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  • >> Sean: We're here again remotely, by the magic of video teleconferencing, and you've had

  • to do some upgrading I understand? >> DFB: I've been wanting people to ask me about my

  • upgrading hell! It's something where I guess all of our audience can find

  • common cause. You may not be running the same mix of kit as I am, but one's

  • attitude towards upgrading, I think, divides us into two camps. Are you a

  • serious early adopter of anything that's new? Or are you, like me, a token dinosaur.

  • "It's only six years old! What do you mean I should be upgrading it?" I have two PCs

  • that run Windows 10. I have two iPads and the one that is the centre of all my

  • efforts is the legacy unit - really, in steps, going all the way back to the 1970s.

  • But at the moment it's a Linux box, right? And the Linux box I have at the

  • moment - but I'm in the process of changing it: Sean, it's only six years old !

  • As my Dad used to say (and I'd say - "Dad just get with it") "Son these things should last a lifetime"

  • And I always say that to Steve and he looks to heaven whenever I say it.

  • And I think you do, too, a bit but y' know ... >> Sean: Let's be honest, computers, tablets

  • whatever are becoming a household appliance >> DFB: Yeah! >> Sean: and it certainly used to

  • be that you would buy a household appliance and expect it to last 10 years

  • or maybe, if you bought a Miele, 20 years.

  • >> DFB: Yes! Quite so! that's exactly right. But as we all know it's just not like that

  • and you've got to be flexible enough to to know exactly when it's the right

  • time to upgrade for you. When I'm in, as it were, 'Windows desktop mode' I'm happy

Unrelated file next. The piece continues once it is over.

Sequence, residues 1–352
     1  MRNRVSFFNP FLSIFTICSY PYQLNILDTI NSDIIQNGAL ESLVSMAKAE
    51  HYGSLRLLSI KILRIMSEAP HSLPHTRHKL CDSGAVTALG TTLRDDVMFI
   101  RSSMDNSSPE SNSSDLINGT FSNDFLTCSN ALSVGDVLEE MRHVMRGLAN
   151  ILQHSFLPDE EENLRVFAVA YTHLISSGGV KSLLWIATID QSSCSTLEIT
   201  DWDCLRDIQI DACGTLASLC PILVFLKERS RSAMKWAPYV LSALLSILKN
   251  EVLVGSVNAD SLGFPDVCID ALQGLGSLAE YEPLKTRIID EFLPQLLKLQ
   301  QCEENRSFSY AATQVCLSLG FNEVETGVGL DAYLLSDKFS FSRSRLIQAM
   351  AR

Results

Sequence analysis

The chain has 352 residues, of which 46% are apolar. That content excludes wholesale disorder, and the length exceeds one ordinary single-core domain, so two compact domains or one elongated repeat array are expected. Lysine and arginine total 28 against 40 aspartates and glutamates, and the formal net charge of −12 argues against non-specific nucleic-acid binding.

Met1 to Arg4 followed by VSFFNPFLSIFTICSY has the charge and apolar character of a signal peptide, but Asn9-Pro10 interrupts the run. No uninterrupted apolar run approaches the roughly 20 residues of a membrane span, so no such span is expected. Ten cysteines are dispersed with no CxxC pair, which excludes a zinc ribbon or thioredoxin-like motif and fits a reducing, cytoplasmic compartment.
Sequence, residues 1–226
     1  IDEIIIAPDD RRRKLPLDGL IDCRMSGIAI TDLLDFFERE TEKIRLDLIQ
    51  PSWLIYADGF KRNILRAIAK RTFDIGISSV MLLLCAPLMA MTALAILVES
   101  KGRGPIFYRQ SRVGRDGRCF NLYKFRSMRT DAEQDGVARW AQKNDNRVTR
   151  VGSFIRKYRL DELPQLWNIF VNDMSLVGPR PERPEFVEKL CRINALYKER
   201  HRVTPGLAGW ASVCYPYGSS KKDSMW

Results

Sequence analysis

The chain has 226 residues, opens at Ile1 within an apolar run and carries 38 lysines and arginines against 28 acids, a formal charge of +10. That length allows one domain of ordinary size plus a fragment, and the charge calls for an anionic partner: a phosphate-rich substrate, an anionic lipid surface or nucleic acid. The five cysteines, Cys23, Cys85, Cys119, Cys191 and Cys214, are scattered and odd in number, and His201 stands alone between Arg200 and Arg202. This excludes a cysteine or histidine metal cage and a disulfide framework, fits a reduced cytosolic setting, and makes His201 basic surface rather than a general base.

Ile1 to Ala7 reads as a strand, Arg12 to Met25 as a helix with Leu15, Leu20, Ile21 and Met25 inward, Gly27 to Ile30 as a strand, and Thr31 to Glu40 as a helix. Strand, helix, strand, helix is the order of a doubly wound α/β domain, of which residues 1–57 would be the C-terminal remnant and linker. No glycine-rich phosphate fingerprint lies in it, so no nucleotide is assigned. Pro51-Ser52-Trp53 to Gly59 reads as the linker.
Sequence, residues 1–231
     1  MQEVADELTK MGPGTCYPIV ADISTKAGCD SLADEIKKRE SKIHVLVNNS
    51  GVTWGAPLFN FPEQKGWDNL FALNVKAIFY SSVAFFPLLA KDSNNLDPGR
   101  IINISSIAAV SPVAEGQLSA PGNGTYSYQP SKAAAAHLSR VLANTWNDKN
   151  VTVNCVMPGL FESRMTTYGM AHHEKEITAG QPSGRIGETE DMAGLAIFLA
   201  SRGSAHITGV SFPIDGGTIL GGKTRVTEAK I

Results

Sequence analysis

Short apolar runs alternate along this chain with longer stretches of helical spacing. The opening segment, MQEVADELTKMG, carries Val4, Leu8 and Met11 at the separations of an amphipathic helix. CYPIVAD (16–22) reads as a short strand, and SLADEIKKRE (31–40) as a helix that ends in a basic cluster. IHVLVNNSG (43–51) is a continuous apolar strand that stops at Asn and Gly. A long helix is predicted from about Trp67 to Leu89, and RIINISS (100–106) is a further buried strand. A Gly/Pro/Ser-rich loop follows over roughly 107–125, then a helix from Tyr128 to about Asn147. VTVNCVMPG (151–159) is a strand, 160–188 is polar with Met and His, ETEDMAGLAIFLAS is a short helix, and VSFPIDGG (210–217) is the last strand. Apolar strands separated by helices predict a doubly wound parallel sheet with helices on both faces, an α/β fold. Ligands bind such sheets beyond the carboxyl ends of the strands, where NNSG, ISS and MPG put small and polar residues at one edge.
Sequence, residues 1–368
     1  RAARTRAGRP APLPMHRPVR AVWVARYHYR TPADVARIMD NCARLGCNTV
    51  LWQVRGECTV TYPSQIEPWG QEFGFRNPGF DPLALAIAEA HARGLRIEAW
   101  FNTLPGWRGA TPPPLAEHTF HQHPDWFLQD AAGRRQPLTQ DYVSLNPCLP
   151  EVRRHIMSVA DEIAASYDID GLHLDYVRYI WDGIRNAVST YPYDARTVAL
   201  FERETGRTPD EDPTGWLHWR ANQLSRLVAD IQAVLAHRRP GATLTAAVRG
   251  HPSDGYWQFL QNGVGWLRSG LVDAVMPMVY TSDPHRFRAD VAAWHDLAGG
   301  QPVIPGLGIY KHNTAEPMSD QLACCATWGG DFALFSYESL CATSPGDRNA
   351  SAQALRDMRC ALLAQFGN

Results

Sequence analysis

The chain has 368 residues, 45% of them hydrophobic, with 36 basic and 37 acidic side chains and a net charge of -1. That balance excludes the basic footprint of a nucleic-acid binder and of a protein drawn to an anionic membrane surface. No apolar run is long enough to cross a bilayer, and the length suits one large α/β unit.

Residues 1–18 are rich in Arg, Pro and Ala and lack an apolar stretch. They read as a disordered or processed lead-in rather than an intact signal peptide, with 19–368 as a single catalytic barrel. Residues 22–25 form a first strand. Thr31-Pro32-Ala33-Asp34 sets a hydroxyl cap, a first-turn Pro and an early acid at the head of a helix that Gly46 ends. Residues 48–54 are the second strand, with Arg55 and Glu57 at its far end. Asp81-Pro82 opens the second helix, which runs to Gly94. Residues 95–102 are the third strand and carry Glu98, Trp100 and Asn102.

• to live with the Windows 10 and that the people at work keep it up to date and all,

  • for me, and it's not the main focus of

  • what I use, but they're there when I need them. This time, thinking back, what

  • was the earliest UNIX box I had? it was in the early 1990s. It was Microport UNIX.

  • It was, in those days, running on very underpowered PC 386/486 sort of chips.

  • Something like that. And it was OK. It was a home UNIX system. It was with a

  • sense of woe and foreboding, really, when I had to move away from UNIX that

  • I was so familiar with, for 20 years, to actually having to embrace Linux.

  • And in those early days and one of my proteges is the legendary John Masters

  • from Red Hat (who was [previously] at Nottingham) So, yes he was at Red Hat

  • first of all. But then, as Red Hat became more and more - how should we say :

  • " ... had to get more commercially focused" then the happy hobbyist air fell away

  • from it and, you know, you had to use something like Fedora, I think it was?

  • And I was never very happy with that. So the question is, then, what is my most

  • recent Linux box? Well it's an Open SuSe system. Now before we start getting

  • avalanches of mail saying: "Why did you choose that?!" -- I chose that for the

  • pragmatic reason that the guys at work, whose judgment I trust, had gone for that

  • flavor of Linux [at the time] for the whole School of Computer Science. And I thought: "Well, you

  • know, it may not be quite like the Red Hat I'm used to but if they're offering

  • backup, advice and everything on Open SuSe, I'll do that at home". And it's the

  • only way to go because it reduces the hassles.

  • So, yes, the box I'm upgrading away from is Open SuSe Linux 13.2. Go on, Sean,

  • ask me what forced me to upgrade? Here we are, in a lockdown, can't I just wait a

  • for a while? Go on Sean - ask me why I'm upgrading ? >> Sean: Well, so, there are two main ways ... there

  • are loads of reasons to upgrade something. But in my estimation there are two main